Samuelson, the 1984 Olympic gold medalist, sees something very familiar in the 28-year-old Ndereba. "I think so highly of Catherine as a person who just speaks her mind and lives her life and runs her own race," she said. "In that way we're very similar: Running is certainly very important in our lives, but it's not everything. I think the balance she brings with her daughter and her husband and the relationship they have been able to maintain across the pond is just incredible."

Since coming back from a layoff in 1997 to have the baby, Ndereba has spent four or five months each year competing in the United States while her husband, Anthony Maina, stays behind with Jane in their four-bedroom Nairobi home, getting help from the sisters and sisters-in-law who live with them. Not long ago, such an absentee arrangement would have been questioned by much of Kenyan society, but the success by the likes of Ndereba, Loroupe, and Chepchumba, among others, has started to change that.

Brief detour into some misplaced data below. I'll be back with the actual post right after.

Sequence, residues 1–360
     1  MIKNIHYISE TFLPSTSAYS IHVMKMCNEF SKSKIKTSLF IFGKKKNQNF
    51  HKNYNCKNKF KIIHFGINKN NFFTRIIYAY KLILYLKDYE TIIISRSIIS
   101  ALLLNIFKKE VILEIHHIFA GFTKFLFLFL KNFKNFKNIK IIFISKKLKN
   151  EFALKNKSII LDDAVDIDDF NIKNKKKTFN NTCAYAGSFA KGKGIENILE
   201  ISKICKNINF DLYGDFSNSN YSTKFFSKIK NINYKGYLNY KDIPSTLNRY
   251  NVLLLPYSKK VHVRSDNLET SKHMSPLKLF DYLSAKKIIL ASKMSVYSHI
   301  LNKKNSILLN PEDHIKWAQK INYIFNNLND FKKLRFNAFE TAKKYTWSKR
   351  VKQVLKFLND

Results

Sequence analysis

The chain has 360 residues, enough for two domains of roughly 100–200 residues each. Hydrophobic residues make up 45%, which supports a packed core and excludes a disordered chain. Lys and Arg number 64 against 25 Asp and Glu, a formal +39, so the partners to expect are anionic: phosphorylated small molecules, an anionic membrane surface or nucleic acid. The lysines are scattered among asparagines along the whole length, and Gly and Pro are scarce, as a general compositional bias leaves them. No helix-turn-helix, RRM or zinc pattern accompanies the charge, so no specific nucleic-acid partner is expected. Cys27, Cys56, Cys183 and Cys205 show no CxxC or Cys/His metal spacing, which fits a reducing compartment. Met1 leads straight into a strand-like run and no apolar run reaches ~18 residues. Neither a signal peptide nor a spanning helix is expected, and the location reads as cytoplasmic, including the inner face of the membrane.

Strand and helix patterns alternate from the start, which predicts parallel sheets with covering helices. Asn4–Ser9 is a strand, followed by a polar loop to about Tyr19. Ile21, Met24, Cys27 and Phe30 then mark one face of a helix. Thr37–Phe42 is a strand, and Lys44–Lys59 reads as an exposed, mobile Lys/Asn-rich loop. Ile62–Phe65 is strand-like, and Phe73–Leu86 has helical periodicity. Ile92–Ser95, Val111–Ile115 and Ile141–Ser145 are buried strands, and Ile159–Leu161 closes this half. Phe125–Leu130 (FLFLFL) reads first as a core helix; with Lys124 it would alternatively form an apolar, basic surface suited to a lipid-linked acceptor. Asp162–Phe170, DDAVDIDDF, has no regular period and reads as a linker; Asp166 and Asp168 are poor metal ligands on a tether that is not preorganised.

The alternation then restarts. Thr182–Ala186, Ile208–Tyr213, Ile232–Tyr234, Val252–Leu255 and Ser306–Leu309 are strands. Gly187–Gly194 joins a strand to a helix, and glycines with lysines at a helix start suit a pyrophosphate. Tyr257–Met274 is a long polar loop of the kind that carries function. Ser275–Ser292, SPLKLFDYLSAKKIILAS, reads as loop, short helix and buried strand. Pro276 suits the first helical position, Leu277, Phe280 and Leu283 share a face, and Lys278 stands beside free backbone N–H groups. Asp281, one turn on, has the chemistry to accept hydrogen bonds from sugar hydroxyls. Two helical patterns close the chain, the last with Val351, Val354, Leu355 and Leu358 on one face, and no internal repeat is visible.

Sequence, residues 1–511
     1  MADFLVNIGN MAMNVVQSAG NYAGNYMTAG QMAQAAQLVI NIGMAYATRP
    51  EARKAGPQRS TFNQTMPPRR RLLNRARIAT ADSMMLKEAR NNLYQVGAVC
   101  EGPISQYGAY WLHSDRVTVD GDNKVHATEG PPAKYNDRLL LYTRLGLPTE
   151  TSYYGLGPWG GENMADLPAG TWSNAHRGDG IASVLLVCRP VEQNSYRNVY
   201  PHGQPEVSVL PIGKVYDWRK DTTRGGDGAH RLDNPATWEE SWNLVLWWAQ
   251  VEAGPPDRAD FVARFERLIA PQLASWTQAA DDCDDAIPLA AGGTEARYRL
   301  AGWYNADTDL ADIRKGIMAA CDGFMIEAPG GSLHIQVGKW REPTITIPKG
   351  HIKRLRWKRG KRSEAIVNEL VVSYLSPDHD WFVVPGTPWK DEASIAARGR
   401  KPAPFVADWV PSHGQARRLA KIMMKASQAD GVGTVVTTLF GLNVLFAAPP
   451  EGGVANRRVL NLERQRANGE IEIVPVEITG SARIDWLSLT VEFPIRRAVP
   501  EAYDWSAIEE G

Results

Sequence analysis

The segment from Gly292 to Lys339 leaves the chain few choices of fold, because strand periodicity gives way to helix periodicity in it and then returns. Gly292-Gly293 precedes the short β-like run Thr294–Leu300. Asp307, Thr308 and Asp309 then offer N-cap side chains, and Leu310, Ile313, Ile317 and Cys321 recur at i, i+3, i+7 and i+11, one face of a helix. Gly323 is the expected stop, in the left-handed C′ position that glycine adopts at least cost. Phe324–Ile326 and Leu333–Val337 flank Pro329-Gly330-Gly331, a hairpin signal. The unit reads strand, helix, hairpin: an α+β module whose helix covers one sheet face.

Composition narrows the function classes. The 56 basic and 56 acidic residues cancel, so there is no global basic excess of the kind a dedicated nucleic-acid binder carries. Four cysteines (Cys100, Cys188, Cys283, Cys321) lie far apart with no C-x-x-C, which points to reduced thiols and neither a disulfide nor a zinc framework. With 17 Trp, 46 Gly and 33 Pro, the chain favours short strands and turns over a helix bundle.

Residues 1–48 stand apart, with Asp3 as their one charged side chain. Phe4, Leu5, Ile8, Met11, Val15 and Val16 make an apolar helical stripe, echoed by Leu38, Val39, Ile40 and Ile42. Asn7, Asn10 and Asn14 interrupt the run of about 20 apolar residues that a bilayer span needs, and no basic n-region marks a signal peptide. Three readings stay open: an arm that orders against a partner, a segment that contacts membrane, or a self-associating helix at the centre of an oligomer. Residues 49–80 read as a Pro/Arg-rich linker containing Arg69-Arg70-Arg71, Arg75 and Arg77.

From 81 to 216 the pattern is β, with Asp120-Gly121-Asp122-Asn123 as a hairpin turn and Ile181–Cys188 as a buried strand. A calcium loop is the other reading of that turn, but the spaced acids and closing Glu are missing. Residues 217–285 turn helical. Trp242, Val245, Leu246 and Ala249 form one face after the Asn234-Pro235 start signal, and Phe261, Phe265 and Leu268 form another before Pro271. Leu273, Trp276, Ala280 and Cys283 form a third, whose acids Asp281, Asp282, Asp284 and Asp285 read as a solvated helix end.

"As many people now see that we keep on doing it, they understand what we can do," said Ndereba.

Although Ndereba readily acknowledges that leaving her daughter is the hardest part of racing, she does not lament it. "If you don't have something to sacrifice, then you don't have anything to gain," she said. "That's why I believe. I love Jane as my daughter. I love Anthony as my husband. And I also love my career, and I must respect it."

Her husband, watching over Jane the past week as mom conducted interviews, echoed her philosophy. "We miss her," he said. "But it's a job she has to do."

On this day, Ndereba's jobs have converged. Her smile is wide as she watches Jane bustle around, showing off a Marathon credential that hangs to her knees and scurrying over to get in every possible photograph.

In the John Hancock Conference Center, the family has been given two adjoining rooms to ensure that Ndereba gets her pre-race sleep, but mom said it's not a problem.

"She sleeps the whole night," Ndereba reported, glancing at her daughter with a smile wider than ever.

This story ran on page C1 of the Boston Globe on 4/15/2001. Copyright 2001 Globe Newspaper Company.